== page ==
# Fall 2017

## Luis Scoccola, Introduction to Homotopy Type Theory and Synthetic Homotopy Theory

(Tuesday Sep 19, 2017)

The role of types in Type Theory is very similar to the role of sets in Set Theory. One key difference is that equality in HoTT behaves more like homotopy in topology, rather than equality in set theory. This observation motivates the use of HoTT as a language to study homotopy theory. Time permitting, we will illustrate the encode-decode technique -- used to characterize the groupoid-like structure of certain types -- in the case of localizations.

## James Richardson, Introduction to Derivators

(Tuesday Oct 3, 2017)

Derivators are a framework for studying homotopy theory. In this talk we will give an informal introduction to derivators, discuss some examples, and discuss the relationship between derivators and other models of homotopy theory.

## Dinesh Valluri, Moduli Problems and Stacks

(Tuesday Oct 17, 2017)

In this talk we will discuss what moduli problems are and why they are important in algebraic geometry, with some examples. We will introduce the idea of a stack and give examples to illustrate why it is a natural notion. If time permits we will discuss how one can compute the dimension of certain moduli spaces using Riemann-Roch.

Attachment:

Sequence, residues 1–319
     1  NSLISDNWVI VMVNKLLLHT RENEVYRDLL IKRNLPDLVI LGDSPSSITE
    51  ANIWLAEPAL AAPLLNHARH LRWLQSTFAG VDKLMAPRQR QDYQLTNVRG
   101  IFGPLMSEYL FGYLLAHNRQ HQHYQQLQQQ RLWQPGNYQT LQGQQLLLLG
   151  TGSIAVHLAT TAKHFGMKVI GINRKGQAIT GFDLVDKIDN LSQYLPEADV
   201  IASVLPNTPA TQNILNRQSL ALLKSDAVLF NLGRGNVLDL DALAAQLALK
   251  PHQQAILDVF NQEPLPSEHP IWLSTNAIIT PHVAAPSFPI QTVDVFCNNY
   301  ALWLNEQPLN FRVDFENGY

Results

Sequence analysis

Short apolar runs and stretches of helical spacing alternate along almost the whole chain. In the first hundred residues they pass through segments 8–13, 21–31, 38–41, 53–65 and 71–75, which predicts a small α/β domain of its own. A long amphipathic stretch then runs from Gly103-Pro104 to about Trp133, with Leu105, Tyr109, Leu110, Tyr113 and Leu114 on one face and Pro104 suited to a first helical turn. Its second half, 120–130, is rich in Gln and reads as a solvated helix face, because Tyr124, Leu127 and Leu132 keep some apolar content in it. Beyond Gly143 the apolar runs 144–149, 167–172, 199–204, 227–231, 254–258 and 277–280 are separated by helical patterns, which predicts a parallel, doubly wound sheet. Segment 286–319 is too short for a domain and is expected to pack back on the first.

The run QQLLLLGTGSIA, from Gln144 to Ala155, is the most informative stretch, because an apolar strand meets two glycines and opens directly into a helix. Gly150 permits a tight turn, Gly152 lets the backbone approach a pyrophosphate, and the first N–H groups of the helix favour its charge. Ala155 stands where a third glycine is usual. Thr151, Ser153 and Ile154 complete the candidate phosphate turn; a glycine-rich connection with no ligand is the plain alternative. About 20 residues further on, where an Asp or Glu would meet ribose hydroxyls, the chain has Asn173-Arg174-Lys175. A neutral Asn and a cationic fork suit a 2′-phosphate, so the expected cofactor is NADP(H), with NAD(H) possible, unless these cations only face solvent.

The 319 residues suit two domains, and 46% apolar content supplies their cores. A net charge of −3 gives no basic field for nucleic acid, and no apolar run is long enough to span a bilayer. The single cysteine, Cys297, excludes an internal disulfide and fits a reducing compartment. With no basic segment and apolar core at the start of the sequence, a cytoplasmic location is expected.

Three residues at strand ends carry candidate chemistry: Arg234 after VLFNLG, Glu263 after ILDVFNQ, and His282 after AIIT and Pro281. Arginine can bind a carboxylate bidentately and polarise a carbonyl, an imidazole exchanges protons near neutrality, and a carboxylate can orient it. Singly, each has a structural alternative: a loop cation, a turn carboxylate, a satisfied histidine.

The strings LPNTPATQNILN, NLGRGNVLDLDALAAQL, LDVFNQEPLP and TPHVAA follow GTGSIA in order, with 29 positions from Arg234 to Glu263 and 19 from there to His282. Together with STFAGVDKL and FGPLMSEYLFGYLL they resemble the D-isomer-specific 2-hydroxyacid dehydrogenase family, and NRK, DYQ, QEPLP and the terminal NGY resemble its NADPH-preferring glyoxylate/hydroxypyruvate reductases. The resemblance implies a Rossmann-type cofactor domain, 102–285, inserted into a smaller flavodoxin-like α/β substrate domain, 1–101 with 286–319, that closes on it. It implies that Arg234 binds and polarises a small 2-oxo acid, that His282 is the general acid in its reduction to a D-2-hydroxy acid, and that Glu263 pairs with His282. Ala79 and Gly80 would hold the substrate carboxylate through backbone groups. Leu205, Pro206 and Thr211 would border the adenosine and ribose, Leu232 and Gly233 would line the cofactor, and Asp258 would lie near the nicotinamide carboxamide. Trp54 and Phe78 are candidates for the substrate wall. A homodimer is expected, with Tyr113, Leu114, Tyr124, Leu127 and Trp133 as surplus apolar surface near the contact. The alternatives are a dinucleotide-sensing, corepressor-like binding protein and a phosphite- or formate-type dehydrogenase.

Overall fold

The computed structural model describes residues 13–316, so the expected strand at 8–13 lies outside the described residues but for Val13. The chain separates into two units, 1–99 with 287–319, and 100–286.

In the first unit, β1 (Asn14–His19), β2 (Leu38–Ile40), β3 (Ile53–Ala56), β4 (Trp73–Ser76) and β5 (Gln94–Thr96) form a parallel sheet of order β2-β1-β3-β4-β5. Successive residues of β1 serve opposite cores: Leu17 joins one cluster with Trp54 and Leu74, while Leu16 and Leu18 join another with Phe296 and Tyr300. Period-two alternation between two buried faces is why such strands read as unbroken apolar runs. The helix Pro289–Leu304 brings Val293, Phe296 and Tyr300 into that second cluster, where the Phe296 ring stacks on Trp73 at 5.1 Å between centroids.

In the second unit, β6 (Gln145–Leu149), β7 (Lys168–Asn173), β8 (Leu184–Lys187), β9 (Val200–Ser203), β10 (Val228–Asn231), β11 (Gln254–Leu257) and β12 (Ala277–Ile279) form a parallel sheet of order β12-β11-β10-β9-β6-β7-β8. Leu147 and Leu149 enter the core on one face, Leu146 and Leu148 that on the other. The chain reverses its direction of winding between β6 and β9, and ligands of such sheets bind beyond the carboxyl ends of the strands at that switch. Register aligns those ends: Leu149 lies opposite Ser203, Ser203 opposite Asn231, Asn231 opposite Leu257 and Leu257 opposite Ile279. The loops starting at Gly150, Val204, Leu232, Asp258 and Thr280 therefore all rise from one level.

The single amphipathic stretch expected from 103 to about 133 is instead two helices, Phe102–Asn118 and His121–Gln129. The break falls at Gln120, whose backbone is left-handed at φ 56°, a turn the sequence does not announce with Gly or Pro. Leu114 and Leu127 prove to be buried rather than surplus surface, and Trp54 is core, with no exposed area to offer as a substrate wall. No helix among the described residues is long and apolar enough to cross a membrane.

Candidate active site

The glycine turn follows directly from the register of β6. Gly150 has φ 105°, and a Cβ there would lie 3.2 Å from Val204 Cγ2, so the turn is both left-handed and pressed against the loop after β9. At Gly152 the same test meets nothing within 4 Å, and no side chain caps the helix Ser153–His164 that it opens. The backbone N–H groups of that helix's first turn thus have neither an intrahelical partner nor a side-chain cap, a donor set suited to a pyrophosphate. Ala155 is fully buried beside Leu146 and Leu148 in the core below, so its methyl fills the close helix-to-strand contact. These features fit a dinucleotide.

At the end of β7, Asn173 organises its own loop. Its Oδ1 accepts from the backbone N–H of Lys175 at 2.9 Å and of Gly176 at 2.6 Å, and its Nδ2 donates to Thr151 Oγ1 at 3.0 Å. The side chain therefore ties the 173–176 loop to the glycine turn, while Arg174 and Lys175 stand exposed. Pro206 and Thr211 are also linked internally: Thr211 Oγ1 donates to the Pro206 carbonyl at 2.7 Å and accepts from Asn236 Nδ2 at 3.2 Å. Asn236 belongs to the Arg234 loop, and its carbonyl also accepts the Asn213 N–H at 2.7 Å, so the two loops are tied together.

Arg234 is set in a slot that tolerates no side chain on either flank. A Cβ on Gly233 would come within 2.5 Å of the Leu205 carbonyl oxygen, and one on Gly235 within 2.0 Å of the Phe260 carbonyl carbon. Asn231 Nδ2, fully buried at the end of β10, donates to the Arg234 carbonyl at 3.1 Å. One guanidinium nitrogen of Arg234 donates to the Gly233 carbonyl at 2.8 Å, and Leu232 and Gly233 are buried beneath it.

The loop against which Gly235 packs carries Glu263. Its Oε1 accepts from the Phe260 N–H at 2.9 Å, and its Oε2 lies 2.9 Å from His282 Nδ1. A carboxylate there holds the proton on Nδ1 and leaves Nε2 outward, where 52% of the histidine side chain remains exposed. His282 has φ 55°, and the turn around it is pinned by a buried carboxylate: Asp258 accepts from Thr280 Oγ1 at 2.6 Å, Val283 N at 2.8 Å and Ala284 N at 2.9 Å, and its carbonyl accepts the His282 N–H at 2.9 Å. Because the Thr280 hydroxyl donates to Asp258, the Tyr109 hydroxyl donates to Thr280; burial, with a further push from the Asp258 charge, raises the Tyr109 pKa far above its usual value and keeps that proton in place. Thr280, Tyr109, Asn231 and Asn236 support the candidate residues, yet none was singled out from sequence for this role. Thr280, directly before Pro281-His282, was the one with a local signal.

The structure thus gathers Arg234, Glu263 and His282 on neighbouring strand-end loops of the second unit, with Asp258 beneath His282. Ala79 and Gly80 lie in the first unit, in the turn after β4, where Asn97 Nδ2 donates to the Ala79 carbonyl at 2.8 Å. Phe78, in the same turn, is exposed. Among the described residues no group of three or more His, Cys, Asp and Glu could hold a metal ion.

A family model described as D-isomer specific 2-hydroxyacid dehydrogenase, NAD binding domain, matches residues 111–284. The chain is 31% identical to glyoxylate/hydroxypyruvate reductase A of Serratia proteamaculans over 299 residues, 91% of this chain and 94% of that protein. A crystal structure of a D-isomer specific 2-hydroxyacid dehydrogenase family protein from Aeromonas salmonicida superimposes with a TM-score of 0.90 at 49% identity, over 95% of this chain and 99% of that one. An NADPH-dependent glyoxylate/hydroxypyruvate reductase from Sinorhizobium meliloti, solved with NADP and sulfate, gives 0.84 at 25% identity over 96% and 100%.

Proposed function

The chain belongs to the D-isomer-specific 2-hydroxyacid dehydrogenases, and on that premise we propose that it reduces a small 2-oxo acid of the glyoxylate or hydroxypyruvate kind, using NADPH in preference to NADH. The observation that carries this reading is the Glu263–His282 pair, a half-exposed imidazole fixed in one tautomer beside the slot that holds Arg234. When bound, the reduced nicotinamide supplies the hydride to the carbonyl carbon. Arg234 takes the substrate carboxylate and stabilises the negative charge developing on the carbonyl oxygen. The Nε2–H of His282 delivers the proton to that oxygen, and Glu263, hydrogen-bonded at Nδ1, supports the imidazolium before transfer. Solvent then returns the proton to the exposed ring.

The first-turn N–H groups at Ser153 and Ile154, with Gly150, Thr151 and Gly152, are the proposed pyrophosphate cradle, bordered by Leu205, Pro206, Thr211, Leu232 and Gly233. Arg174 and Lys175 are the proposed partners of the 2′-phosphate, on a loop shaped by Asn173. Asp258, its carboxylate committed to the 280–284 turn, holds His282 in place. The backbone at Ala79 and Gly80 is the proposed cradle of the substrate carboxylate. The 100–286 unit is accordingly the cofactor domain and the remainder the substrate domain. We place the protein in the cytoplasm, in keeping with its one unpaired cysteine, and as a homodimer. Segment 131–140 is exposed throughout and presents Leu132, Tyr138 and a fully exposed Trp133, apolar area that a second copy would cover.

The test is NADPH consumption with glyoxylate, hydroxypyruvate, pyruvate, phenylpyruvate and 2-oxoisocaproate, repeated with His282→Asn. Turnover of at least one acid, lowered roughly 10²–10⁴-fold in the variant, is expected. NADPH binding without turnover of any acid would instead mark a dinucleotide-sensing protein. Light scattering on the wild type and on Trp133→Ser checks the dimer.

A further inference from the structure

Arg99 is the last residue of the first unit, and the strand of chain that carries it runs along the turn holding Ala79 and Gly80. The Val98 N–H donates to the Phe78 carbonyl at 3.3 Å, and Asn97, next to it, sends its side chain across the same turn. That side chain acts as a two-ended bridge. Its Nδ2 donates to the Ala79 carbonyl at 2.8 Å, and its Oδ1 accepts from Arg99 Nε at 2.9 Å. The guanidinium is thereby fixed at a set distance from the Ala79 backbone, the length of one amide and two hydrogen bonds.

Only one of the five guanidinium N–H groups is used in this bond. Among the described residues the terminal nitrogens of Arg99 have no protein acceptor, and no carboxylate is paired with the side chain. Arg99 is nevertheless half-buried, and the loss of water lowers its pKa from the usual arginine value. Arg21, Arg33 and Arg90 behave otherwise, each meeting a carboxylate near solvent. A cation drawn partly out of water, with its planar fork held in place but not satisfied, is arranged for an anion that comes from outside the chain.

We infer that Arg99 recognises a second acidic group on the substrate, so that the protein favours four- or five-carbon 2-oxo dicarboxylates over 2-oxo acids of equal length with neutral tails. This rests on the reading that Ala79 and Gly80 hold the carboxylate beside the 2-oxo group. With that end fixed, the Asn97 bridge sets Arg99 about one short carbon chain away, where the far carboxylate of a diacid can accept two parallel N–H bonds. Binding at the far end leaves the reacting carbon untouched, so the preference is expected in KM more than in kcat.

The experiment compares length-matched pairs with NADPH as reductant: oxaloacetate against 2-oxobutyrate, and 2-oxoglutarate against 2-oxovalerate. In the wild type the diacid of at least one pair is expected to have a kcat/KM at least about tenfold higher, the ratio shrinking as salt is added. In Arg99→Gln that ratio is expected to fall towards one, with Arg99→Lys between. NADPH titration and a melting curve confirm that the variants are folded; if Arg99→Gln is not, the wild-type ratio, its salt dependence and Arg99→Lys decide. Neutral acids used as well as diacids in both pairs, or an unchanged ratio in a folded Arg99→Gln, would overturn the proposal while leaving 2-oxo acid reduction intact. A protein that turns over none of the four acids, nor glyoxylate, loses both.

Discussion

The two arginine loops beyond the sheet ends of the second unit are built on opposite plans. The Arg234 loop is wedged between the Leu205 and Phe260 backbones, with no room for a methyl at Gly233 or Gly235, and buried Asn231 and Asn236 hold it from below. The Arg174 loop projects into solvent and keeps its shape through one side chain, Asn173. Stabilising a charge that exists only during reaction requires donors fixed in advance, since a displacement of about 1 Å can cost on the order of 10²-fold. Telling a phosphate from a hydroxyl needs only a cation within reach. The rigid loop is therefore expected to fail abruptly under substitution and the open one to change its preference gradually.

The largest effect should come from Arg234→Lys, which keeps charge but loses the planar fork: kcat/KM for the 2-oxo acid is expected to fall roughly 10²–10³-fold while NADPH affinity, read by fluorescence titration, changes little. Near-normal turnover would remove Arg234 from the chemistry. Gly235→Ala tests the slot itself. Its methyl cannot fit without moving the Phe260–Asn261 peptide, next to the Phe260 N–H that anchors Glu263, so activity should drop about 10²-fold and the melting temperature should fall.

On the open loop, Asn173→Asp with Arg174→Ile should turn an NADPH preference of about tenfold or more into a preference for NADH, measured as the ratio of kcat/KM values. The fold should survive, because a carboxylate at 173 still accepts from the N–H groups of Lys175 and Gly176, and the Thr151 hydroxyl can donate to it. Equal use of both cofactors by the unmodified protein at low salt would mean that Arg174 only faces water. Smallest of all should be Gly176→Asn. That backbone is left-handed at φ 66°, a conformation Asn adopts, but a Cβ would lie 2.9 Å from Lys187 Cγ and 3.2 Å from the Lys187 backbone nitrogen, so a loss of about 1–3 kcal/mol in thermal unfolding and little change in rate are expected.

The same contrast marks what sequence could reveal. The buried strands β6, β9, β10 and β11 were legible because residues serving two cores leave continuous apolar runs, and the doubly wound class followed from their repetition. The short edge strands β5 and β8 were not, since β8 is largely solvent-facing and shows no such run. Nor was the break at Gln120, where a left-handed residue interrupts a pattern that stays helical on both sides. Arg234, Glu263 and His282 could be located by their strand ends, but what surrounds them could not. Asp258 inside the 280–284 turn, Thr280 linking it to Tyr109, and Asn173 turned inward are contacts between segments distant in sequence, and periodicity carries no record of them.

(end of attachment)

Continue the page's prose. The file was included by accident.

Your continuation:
## Jasmin Omanovic, Open questions in Quadratic forms

(Tuesday Oct 31, 2017 -- Cancelled)

In this talk I will present several classical results concerning the relationship between quadratic forms, central simple algebras, Milnor K-theory, Galois cohomology and Severi-Brauer varieties. The central theme of this talk will be to ask the questions which have both then and now resisted all efforts toward a solution.

## Alexander Rolle, Abelianization in Algebraic Topology

(Tuesday Nov 14, 2017)

The talk will begin with an introduction to the simplicial approach to singular homology, as a paradigm of "abelianization". Then, there will be some discussion of the generalization of this idea to simplicial presheaves, and, time permitting, further generalizations to motivic cohomology.